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Jul 27th, 2009 | WASHINGTON -- A new government health insurance plan sought by President Barack Obama and congressional Democrats could coexist with private insurers without driving them out of business, an analysis by nonpartisan budget experts suggests.
The estimate by the nonpartisan Congressional Budget Office -- seen as good news by Democrats -- comes as leaders pushed Monday to make progress on health care overhaul before lawmakers go home for their August recess. . . .
Democrats are using the budget office's suggestion that a government-run insurance plan would not destroy private insurers to rebut one of the main charges against their proposal -- that it would lead to a federal takeover of the private health insurance marketplace. . . .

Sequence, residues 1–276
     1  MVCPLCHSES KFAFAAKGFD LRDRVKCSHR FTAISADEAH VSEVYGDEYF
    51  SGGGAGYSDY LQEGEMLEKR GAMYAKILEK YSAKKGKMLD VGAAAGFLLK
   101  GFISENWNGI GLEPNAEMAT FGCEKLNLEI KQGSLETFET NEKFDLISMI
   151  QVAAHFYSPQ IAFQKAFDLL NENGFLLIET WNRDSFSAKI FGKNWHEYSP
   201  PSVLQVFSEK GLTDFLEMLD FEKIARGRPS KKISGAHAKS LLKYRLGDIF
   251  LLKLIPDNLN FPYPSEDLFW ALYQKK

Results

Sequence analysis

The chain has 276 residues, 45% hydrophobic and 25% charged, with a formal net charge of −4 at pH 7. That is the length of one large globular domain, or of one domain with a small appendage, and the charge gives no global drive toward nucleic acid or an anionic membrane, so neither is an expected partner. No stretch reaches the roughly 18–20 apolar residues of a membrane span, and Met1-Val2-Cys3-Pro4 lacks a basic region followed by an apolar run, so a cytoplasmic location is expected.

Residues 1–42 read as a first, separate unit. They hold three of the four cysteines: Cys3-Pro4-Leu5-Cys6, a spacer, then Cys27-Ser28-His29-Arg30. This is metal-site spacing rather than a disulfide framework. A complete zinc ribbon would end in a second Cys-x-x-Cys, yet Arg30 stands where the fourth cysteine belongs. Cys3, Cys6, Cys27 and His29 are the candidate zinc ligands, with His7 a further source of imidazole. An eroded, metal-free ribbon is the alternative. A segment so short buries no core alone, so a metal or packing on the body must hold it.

Polls have shown that Americans support the idea of a public coverage option as part of health care overhaul. . . .
More than 160 million workers and family members now get health insurance through an employer. A widely cited study by the Lewin Group, a private health research firm [owned by a health insurance company], estimated that more than 100 million people would sign up for the public plan proposed by House Democrats, making it the dominant insurer in the land.
But the budget office, in a letter Sunday to a senior Republican lawmaker, said its own estimate for the same legislation is "substantially smaller."
CBO estimates that only 11 million to 12 million people would sign up for the public plan -- making it a much smaller player in the market. The government coverage would be available alongside private plans through a new kind of insurance purchasing pool called an exchange. CBO estimated about 6 million of those enrolled in the public plan would be workers and family members of employers that joined the exchange. . . .